Adirondack Rock Climbing Route Closures
Peregrine falcons, an endangered species in New York State, nest on cliffs in the Adirondack Mountains. The population of peregrine falcons has steadily grown since the DEC undertook hacking programs in the Adirondacks in the late 1970s.
Cliffs with known peregrine falcon nesting sites are monitored annually throughout the Adirondacks. Rock climbing routes with active nest sites are temporarily closed to prevent any disturbances that might interfere with the successful raising of the young peregrine falcons.
The closure of climbing routes is based on a number of factors, primarily the route's proximity and visibility to a nesting site. Each situation is unique and a specific distance from the nest site can not be used to make a closure determination. DEC's priority is protecting an endangered species; however, attempts are made to maximize the opportunities for climbing at the same time.
At the beginning of the season DEC closes whole or large portions of cliffs where peregrine falcons have regularly nested. This allows them to choose a nesting site without any being troubled by climbing activity. They often choose a site quickly and begin nesting earlier, than when the cliff's were subject to climbing activities. Climbers benefit because an earlier nesting start results in an earlier fledging of the young and therefore the closed routes are re-opened sooner.
April 1, 2016
Rock climbing routes are closed to protect nesting peregrine falcons as listed below.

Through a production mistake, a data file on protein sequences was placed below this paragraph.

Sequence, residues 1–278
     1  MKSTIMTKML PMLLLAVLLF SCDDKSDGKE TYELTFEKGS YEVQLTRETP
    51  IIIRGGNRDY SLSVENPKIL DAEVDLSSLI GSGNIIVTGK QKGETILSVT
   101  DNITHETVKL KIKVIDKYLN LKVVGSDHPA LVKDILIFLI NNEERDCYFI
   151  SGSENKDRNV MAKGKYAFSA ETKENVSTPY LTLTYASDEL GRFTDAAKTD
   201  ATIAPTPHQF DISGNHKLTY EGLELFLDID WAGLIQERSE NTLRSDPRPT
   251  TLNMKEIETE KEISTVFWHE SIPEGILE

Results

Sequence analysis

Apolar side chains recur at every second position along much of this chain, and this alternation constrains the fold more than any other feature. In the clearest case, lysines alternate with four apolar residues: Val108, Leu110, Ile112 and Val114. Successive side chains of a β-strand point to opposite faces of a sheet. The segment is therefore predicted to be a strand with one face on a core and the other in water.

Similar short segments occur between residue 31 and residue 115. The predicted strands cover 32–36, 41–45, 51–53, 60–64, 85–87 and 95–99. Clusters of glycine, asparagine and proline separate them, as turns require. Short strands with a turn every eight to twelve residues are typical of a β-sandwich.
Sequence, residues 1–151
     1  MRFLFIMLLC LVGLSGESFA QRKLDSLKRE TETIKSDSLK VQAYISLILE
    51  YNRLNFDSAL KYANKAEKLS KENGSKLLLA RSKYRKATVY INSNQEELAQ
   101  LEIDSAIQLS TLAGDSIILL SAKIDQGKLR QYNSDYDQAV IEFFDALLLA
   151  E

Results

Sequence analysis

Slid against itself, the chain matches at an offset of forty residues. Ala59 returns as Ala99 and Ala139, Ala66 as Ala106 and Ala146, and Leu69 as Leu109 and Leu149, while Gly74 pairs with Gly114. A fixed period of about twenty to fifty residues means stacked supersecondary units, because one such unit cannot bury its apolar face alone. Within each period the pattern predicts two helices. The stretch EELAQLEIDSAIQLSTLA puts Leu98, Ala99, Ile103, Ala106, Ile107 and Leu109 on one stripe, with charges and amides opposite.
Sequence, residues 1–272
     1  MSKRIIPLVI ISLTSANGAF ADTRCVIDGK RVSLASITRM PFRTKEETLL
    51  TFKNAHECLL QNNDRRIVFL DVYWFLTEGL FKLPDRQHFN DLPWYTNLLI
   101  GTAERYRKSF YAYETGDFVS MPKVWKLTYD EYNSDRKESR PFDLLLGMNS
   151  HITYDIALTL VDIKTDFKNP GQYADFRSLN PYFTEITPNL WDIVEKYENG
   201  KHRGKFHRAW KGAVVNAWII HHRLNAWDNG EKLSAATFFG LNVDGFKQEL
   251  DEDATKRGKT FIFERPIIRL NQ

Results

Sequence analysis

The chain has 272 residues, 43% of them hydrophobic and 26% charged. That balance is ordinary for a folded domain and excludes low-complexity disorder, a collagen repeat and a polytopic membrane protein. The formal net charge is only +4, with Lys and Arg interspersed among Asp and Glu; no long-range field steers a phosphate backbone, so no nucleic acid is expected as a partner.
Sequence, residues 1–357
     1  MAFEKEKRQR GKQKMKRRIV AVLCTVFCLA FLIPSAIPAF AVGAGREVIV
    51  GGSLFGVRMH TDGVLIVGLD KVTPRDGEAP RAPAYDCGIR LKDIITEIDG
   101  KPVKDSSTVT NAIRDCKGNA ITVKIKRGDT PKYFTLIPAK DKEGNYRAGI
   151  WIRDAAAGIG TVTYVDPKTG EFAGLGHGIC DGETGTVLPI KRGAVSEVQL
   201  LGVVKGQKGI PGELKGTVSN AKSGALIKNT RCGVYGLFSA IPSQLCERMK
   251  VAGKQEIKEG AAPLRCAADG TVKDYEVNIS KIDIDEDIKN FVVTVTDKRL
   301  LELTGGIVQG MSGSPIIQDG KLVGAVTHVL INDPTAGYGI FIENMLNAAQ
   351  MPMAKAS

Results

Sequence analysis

All routes on Moss Cliff and Labor Day Wall are closed.
Chapel Pond Pass
All routes on the Upper and Lower Washbowl Cliffs in Chapel Pond Pass are closed.
All routes on the Black Arches Wall are closed.
All routes on the Main Wall of Shelving Rock Mountain are closed.
All routes on the Main Face of Poke-O-Moonshine Mountain are closed, except the following:
- Goat's Foot on Rock
- High and Dry
- Big Buddha
- Pearly Gates
- Battle Creel
- Static Cling
- Certified Raw
- Air Male
- Son of a Mother
- Phase III
- Puppies on Edge
- Hang 'em High
- Group Therapy
- A Womb with a View
DEC appreciates the cooperation of the climbing community. Once the peregrine falcons have begun nesting DEC will open climbing routes that won't interfere with falcon nesting and rearing activities.
Climbers on other cliffs or routes should report any aggressive or agitated peregrine falcon behavior to the DEC Wildlife Office 518-897-1291 or Info.R5@dec.ny.gov
More about Adirondack Rock Climbing Route Closures:
- Peregrine Falcons and the Adirondack Rock Climber - Facts about Peregrine Falcons and how rock climbers can help to ensure their successful return to the Adirondacks